Dr. Marta Marnell: Annelle M. Ahmed, M.D., Women’s Health Care Award
By Jan Jarvis
Dr. Marta Marnell always wanted to be a teacher like her dad.
But two years of teaching science to 7th and 8th graders in a low-income public school changed her mind. It wasn’t that the students were unruly, it was more that she couldn’t help them like she had hoped, Dr. Marnell said.
She turned to medicine, hoping she could help people in a way she could not as a teacher.
“I ended up treating patients who were a lot like my students,” Dr. Marnell said. “They were young and pregnant and misinformed.”
The recipient of the 2012 Annelle M. Ahmed, M.D., Women’s Health Care Award has brought her love of teaching full circle by educating her patients and helping them address issues they otherwise might ignore.
The award is given annually in honor of Dr. Ahmed, a UT Southwestern faculty member in the Department of Obstetrics and Gynecology who died of breast cancer at age 39.
“Dr. Marnell was an easy choice for the award. She is very smart and academically accomplished, but she also is incredibly compas sionate,” said Dr. Vanessa Rogers, Assistant Professor of Obstetrics and Gynecology.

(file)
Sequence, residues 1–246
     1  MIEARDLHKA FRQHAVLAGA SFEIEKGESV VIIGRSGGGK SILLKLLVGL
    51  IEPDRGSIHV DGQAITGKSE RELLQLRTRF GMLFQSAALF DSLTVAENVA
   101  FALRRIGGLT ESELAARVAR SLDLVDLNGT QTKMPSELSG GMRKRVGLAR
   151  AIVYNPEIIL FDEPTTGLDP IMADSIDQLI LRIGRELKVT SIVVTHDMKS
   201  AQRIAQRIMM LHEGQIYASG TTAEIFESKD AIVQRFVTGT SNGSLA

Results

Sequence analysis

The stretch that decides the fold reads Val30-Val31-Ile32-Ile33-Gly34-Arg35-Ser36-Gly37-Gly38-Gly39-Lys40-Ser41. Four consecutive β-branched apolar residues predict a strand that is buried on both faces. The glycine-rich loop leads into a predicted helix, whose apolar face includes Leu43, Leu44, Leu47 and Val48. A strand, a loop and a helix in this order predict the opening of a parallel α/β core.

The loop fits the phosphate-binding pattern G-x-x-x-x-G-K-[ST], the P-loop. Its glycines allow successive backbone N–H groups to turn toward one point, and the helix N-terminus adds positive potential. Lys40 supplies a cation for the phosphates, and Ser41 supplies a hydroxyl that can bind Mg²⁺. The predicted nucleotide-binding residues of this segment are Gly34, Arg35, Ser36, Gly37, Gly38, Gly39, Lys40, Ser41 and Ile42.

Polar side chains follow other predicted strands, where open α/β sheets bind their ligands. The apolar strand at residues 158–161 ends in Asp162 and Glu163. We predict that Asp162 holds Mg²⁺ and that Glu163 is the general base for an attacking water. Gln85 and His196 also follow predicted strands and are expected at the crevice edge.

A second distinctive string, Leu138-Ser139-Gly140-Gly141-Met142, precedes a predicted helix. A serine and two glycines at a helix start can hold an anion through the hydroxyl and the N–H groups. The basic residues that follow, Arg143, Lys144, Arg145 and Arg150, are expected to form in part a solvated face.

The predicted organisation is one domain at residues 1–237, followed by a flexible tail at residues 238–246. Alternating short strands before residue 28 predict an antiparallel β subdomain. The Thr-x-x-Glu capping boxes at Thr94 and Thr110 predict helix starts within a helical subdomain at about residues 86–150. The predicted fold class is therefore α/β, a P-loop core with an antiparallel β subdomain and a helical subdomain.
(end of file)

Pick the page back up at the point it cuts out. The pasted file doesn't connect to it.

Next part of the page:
“She always went the extra mile to make her patients comfortable and secure,” Dr. Rogers said. “Marta is the type of physician that you want your mother, sister, or daughter to have the privilege of seeing. And that's exactly how Dr. Annelle Ahmed was as well.”
Dr. Marnell grew up in Kissimmee, Fla., where her first job was working at Walt Disney World Resort. She earned a bachelor’s degree in biology from the University of Notre Dame and began a teaching career in Everman, near Fort Worth.
Two years later, she set her sights on medical school.
“Slowly all the pieces came together for me: teacher, helping other people, and science,” she said.
During her first year at UT Southwestern, she volunteered with the Dallas Independent School District, teaching students about sexually transmitted diseases. Later, she went on medical missions to El Paso.
While working at Parkland Memorial Hospital, she saw how she could make a difference to patients at different stages of their lives. During her third year, she was especially touched by a young pregnant patient who was worried because she was going into labor and her husband was not there yet.
“When I first saw her, she wasn’t in labor yet, and I was with her a lot,” Dr. Marnell said. “It was amazing how quickly we developed a rapport and how someone attaches so quickly during these most important times.”
Dr. Marnell will continue her training with an obstetrics and gynecology residency at the University of Oklahoma College of Medicine. Dr. Pandya said. “Beneath this is a sincere belief that we can make a difference in the lives of people by volunteering to help those who are suffering and underserved.”